The United States Air Force is holding a major exercise called Atlantic Trident 17 at Joint Base Langley-Eustis, Virginia.
The war games bring together the elite pilots of the U.S. Air Force’s 1st Fighter Wing and their Lockheed Martin F-22 Raptors with the F-35A Joint Strike Fighter, the British Royal Air Force’s Eurofighter Typhoons and the French Armée de l'Air’s Dassault Rafales. The idea behind the exercise is to afford the three leading NATO air forces the opportunity to train together to defeat advanced anti-access/area denial (A2/AD) threats that are backed by modern adversary air power.
“We’ve been side-by-side together, the Brits, the French and the Americans in air combat,” 1st Fighter Wing commander, Col. Peter Fesler, said. “This exercise is an extension of that. I think this is an opportunity for us to continue to refine our skills, our tactics, techniques and procedures to fight the war that we all know is coming. We don’t know where, we don’t know when; but we know it’s coming, and we’ve got to be ready to fight together.”
As such, for the past week, the U.S. Air Force’s F-22 Raptors and F-35As have been flying combat training missions alongside the Royal Air Force and the Armée de l'Air as part of an effort to develop tactics, techniques and procedures to defeat adversaries around the world. Those threat range from advanced air defenses such as the Russian-made S-400 and S-300V4 to the Chinese HQ-9 surface-to-air missile defense systems. “The nature of A2AD missions provide a highly-contested environment where adversaries have the upper-hand, creating barriers that limit U.S. and allied efforts,” an Air Force statement reads.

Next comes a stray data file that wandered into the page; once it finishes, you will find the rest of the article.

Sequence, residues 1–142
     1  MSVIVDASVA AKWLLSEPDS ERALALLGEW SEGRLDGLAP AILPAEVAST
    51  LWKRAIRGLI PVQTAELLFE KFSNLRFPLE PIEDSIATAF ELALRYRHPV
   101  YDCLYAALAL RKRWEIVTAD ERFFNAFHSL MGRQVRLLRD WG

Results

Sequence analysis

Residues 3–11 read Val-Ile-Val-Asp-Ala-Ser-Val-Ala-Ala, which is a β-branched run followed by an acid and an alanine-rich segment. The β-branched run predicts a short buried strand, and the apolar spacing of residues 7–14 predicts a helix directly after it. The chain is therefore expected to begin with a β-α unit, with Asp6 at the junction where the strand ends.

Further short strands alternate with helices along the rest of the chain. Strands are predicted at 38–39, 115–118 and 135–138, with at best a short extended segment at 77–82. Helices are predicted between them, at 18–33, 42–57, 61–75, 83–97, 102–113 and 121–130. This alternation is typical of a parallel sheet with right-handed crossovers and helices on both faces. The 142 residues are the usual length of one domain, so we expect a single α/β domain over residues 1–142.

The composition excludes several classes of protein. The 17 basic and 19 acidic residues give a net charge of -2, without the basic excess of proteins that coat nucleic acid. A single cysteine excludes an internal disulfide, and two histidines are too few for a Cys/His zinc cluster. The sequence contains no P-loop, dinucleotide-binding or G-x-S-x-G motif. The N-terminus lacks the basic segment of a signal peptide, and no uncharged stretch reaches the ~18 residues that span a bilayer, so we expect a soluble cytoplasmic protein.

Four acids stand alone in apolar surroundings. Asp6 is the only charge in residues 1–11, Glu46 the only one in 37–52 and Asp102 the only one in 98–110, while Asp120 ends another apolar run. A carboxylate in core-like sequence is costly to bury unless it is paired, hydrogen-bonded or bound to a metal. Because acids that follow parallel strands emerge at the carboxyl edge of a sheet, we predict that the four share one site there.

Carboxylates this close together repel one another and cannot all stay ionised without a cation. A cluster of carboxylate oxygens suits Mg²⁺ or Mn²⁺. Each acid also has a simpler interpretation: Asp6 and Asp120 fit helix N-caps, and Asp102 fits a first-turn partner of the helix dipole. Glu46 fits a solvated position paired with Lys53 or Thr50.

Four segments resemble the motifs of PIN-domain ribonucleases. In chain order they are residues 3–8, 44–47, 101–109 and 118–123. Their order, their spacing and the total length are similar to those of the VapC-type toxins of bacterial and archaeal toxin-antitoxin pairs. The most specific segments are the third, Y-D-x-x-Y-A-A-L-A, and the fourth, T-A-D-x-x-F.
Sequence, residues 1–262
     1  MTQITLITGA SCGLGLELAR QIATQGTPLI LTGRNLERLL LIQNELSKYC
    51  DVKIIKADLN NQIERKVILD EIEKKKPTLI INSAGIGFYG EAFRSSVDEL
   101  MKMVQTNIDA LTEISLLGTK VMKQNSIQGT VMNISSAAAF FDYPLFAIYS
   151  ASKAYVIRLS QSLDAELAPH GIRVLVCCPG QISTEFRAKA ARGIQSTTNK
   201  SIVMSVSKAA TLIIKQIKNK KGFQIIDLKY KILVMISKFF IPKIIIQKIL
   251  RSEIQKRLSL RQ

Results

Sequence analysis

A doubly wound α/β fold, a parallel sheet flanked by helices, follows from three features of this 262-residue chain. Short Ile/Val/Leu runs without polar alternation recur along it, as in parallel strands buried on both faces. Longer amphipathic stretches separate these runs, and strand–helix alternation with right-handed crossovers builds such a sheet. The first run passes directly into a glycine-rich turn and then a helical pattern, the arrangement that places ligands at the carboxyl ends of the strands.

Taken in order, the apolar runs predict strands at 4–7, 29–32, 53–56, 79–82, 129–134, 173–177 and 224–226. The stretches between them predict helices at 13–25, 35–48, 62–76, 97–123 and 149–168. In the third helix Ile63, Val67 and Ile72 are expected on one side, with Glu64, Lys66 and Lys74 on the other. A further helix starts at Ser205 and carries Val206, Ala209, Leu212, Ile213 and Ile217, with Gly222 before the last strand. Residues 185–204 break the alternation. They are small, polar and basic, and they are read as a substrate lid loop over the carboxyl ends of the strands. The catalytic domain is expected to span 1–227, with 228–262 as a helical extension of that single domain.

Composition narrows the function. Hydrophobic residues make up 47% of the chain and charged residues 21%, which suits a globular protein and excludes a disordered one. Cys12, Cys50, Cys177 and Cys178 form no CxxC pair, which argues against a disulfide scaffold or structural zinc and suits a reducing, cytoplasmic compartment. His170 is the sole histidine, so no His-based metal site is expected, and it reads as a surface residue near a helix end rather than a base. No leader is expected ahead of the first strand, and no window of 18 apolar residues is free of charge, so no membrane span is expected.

Moreover, allied forces are also increasingly faced with the prospect of going up against advanced enemy fourth-generation fighters such as the highly capable Russian-made Sukhoi Su-30 Flanker and its various derivatives that have proliferated around the globe. To replicate some of the advanced air threats that the allies might faceoff against, the Air Force has brought in Boeing F-15E Strike Eagles from the 391st Fighter Squadron and Northrop Grumman T-38 Talon jet trainers from the 1st Fighter Wing’s own 71st Fighter Training Squadron to play the part of “Red Air”—or the bad guys.
Next week, The National Interest will bring our readers onsite coverage of Atlantic Trident 17 from the cockpit of one the 71st Fighter Training Squadron’s T-38s if all goes as planned. Stay tuned.
Dave Majumdar is the defense editor for the National Interest. You can follow him on Twitter: @davemajumdar.
Image Credit: Creative Commons.